Well-connected families (such as the Vallejos, Alvarados, and Peraltas in the north and the Carillos, de la Guerras, and Picos in the south) could secure grants for each family member, creating an elite class of rancheros who controlled hundreds of thousands of prime acres. Photographs of some of these powerful men include José Andres Sepúlveda, mayor of Los Angeles in 1837; Mariano Guadalupe Vallejo; a group picture of Pablo de la Guerra, Salvador Vallejo, and Andres Pico; and Pio Pico, the last Mexican Governor of California.
These families mainly raised cattle for an emerging hide-and-tallow trade with American ships that sold the hides to Boston tanneries and the tallow to South American candle and soap factories. The Californios held themselves apart from non-land-owning Mexicans and natives, intermarrying with each other and with the American and European entrepreneurs who began settling in California during the 1830s.
The US-Mexican War, however, reversed the fortunes of elite Californios, who slowly lost their power, authority, and land. The Treaty of Guadalupe Hidalgo, which ended the war, had granted Californios full US citizenship and promised that their property would be "inviolably respected." But the informality of Mexican land grants made legal claims difficult when miners, squatters, and homesteaders overran Californios' lands, as the transcript of the legal challenge United States vs. Mariano G. Vallejo makes clear. shown here. In the case, filed on May 31, 1852, Vallejo claimed ownership of 66,622.17 acres in Sonoma County, at Petaluma and near Sonoma. He finally won the case in 1874, 22 years later.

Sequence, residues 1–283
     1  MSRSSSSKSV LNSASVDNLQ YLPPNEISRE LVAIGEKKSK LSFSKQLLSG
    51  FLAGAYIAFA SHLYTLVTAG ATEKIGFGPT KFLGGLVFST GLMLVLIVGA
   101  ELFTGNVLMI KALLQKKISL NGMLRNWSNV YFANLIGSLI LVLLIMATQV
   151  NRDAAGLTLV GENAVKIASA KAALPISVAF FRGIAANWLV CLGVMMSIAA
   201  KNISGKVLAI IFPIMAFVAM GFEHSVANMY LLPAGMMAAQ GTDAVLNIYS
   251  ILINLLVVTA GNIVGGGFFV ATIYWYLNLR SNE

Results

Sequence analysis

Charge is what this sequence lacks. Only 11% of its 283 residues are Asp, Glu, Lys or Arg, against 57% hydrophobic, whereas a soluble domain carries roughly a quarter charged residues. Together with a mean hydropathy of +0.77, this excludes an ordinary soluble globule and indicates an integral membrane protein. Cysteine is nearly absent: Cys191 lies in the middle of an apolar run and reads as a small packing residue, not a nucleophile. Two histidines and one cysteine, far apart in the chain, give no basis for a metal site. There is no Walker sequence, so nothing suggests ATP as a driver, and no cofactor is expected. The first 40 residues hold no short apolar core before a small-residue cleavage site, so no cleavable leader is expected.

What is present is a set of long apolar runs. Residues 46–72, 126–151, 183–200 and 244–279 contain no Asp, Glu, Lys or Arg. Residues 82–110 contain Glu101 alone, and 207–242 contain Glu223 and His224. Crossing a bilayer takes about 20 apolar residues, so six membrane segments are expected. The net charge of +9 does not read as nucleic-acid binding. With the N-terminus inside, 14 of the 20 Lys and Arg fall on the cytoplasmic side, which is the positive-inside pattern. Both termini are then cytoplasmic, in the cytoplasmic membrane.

Even when Californio families won legal title to their lands, many found themselves bankrupt from attorney's fees or taxes. The Peralta family lost all but 700 of their 49,000 acres in the East Bay (encompassing the present-day cities of San Leandro, Alameda, Oakland, Piedmont, Emeryville, Berkeley, and Albany) to lawyers, taxes, squatters, and speculators. Eight Californios participated in the California constitutional convention of 1849, but over time their political power declined along with their land base.
Interestingly, during this period, Los Angeles boosters played up a mythical "Spanish fantasy past." It popularized pastoral imagery of pious missionaries, quaint natives, and genteel Californios, and in some ways it persists to this day.
The oil painting Santa Clara Mission in 1849, and the watercolor A California Magnate in His Home (it is General Don Andres Pico) are good examples of this genre. Still, although certainly not entirely realistic, these scenes serve to give some idea of what life was like. The oil painting shows vaqueros on horseback, Indians in a wagon, and a priest at the gates of the mission itself. The watercolor shows the "magnate" (General Don Andres Pico) and probably his daughter in the corridor of a farm building (the ex-mission of San Fernando) with a musician, men and women, and animals. In the distance are an orchard and vaqueros lassoing cattle.
These scenes portrayed a California that no longer existed (if, in fact, it ever did). The actual Mexican population continued to suffer from racism and was sequestered to a portion of Los Angeles known as Sonoratown (the area north of old Sunset Boulevard, east of Broadway, and west of North Main Street).